The mechanisms for the retrograde date and high accuracy moonphase are both under the dial. At about 2:00, you can see the snail cam that controls the position of the retrograde date hand. The snail cam is mounted on a date wheel with 31 teeth, and there’s a foot on the rack which is moved by the advancing of the date wheel and the cam, once per day (the date wheel is held in position by the jumper spring running across the top of the movement). When the date switches at midnight on the 31st, the rack drops back to its lowest position and this causes the date hand to jump back to 1.
Finish and the overall impression the movement gives are pretty much exactly what you would expect from Vacheron. There is little of overt pyrotechnics; the basic roots of this movement are in the world of high grade, flat, elegant, versatile automatic movements of an earlier era and it has much more in common with mid-to-late 20th century slim watch movement aesthetics than it does with anything from the 21st century. All functional surfaces are very cleanly finished and the movement has the sort of reassuringly consistent quality that seems eager to make you not concern yourself with quality, like a perfectly made martini at your favorite bar that never varies but also, and for that reason, never disappoints.
On the wrist, it’s got a slight, more-than-the-sum-of-its-parts glow I find very attractive. It’s one of those watches you feel like you could slip into every day; something of really good but unassuming quality that perhaps, doesn’t excite passion or infatuation but does inspire respect, and which over time reveals unexpected beauty. The one thing I will say is that at least in the abstract I wish it were a little smaller – the case is 42.5mm x 9.7mm – but at the same time, abstraction aside I didn’t find it overlarge while wearing it which I was able to do for several days. With less white space it might seem a little fussy for its own good.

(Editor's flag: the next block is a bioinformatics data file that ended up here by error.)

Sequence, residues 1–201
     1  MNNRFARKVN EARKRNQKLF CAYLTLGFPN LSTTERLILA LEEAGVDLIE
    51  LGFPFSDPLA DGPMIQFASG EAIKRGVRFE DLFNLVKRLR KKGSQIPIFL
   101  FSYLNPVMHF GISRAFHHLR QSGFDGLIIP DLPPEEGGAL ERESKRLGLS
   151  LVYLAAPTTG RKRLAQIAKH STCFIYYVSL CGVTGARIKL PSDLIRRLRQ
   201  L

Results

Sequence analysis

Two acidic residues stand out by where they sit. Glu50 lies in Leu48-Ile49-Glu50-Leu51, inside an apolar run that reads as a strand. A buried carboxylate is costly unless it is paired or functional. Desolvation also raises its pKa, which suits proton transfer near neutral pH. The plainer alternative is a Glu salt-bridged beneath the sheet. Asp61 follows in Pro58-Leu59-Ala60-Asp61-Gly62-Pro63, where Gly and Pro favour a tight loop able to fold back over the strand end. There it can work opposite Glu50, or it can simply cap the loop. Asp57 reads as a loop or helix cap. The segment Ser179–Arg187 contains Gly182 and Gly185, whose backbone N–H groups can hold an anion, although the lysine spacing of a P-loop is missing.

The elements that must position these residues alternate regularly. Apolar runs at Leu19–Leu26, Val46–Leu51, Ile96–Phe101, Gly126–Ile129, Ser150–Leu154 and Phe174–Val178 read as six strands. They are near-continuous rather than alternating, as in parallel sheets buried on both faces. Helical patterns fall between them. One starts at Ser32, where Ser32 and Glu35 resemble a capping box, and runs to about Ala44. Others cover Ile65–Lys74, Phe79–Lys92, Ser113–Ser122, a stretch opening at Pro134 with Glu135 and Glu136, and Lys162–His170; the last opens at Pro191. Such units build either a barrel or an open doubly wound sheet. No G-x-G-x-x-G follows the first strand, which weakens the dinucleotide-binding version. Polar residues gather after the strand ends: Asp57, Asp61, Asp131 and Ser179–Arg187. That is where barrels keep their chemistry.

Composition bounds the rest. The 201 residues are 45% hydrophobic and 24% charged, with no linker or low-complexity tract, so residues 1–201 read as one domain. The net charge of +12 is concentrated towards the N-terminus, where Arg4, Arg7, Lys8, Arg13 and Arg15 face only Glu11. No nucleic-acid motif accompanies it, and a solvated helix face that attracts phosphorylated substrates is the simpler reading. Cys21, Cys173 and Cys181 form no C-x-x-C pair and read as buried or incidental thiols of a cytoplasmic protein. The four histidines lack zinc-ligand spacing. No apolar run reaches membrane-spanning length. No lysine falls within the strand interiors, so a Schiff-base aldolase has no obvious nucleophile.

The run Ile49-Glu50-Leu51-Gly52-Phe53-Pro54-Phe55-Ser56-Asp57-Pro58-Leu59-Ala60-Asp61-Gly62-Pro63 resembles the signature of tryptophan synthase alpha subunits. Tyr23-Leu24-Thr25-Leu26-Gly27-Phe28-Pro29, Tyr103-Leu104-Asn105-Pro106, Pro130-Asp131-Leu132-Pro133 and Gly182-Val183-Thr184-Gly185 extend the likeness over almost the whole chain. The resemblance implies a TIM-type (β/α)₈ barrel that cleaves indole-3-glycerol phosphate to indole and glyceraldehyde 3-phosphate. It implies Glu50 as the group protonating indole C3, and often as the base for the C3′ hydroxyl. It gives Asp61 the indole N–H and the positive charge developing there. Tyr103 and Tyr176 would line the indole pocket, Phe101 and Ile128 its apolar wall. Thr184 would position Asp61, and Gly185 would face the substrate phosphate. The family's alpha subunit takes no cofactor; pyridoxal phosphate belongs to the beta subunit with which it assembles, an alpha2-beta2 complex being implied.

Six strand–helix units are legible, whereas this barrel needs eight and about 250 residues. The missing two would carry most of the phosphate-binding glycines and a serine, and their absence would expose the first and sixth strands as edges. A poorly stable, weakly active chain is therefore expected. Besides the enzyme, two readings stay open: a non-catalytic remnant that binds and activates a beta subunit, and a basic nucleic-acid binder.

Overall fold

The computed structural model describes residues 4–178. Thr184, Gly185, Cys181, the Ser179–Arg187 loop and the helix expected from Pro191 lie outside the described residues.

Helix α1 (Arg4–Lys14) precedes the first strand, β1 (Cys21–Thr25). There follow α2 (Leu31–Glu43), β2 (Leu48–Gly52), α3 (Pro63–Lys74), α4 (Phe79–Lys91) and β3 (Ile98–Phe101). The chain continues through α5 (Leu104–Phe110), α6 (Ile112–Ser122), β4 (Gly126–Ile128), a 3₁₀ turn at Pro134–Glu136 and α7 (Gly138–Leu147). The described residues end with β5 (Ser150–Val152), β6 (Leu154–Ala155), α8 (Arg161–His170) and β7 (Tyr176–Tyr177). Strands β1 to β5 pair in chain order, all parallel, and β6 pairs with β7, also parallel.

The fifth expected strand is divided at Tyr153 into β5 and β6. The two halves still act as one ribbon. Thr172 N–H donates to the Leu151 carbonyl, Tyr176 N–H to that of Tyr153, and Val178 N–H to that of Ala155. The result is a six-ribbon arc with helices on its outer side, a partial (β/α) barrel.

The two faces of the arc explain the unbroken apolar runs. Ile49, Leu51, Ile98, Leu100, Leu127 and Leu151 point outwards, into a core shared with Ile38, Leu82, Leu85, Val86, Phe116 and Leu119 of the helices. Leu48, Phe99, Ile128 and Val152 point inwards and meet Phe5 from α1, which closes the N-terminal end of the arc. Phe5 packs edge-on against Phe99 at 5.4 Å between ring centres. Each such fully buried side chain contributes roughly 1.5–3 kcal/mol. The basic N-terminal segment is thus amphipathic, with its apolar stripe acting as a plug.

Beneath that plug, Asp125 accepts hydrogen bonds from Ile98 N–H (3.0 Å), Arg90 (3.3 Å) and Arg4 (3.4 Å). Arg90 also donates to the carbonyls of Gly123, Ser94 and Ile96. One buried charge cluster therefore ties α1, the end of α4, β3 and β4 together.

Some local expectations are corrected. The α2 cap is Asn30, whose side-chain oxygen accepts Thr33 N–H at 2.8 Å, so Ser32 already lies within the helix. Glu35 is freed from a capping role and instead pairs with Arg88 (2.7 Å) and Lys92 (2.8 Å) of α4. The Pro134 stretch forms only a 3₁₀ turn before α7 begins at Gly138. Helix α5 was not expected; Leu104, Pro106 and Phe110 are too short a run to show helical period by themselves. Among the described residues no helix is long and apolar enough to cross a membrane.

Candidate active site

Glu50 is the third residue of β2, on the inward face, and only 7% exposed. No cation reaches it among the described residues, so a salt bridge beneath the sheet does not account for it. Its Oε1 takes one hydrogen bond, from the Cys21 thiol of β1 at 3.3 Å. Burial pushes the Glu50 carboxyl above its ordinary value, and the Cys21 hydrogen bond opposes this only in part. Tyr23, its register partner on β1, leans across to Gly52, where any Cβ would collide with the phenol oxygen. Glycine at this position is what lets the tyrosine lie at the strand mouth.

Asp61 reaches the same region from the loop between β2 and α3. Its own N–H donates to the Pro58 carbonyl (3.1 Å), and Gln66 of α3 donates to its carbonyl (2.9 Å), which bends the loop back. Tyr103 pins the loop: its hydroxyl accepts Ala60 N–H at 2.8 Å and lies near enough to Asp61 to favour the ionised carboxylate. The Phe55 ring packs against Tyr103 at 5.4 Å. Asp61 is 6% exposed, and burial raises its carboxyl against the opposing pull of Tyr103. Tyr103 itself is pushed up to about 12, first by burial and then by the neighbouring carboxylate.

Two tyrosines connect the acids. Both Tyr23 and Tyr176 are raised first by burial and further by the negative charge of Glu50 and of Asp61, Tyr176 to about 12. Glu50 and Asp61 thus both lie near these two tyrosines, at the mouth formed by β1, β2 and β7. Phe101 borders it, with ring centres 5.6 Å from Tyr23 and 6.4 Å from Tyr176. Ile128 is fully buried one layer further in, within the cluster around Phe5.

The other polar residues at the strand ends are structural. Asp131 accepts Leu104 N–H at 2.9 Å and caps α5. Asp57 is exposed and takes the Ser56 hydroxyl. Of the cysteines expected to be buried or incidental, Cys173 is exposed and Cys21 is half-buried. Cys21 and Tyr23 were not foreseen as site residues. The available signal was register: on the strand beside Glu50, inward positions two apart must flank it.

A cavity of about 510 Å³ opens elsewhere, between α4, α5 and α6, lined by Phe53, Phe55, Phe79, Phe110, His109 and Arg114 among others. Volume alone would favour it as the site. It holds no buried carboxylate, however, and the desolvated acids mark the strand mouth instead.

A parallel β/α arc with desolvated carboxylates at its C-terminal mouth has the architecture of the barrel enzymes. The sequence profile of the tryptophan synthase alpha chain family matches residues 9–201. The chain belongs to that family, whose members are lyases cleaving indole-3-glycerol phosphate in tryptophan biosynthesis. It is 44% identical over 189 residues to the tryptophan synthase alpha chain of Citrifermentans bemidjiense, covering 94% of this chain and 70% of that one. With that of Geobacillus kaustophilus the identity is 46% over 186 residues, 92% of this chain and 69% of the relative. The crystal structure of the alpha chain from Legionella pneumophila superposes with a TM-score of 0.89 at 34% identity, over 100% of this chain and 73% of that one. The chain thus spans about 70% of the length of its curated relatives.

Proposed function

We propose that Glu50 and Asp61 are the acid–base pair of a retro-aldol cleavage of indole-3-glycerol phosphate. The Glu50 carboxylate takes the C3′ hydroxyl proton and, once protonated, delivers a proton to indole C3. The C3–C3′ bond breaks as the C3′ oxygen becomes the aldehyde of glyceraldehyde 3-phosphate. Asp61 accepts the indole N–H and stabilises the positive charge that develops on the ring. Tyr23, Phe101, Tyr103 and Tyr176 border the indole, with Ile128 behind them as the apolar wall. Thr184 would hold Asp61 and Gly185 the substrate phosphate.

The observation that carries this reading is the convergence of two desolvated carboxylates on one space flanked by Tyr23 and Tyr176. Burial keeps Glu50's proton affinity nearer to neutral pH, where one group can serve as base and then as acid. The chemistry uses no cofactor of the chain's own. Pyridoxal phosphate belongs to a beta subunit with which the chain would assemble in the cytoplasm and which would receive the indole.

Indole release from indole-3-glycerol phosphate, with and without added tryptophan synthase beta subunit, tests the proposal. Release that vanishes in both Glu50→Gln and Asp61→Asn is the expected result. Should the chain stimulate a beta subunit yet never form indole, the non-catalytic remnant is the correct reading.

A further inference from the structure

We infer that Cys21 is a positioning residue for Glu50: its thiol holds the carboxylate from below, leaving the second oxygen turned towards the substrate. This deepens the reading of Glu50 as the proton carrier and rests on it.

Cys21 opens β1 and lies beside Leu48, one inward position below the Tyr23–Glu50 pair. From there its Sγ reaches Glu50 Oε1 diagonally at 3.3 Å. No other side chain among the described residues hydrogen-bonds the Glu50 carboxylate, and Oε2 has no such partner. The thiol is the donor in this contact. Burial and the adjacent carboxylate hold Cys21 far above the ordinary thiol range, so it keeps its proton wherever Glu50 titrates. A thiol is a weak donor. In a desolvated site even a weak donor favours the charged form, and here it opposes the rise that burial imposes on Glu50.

The Vacheron Constantin Patrimony Moonphase And Retrograde Date, in white gold, should be arriving at retailers at the beginning of July. The rose gold version of the watch is already out and both are priced at $39,000.
The Vacheron Constantin Patrimony Moonphase And Retrograde Date: price in white gold as shown, $39,000. Movement, caliber 2460 R31L, in-house; automatic caliber 27.2mm x 5.4mm. 40 hour power reserve, running in 27 jewels at 28,800 vph. Retrograde date, hours, minutes, 122-year moonphase with disk in 18k gold. Case, 18k white gold, 42.5mm x 9.7mm and 30m water resistant. See the entire Patrimony Collection at Vacheron-constantin.com.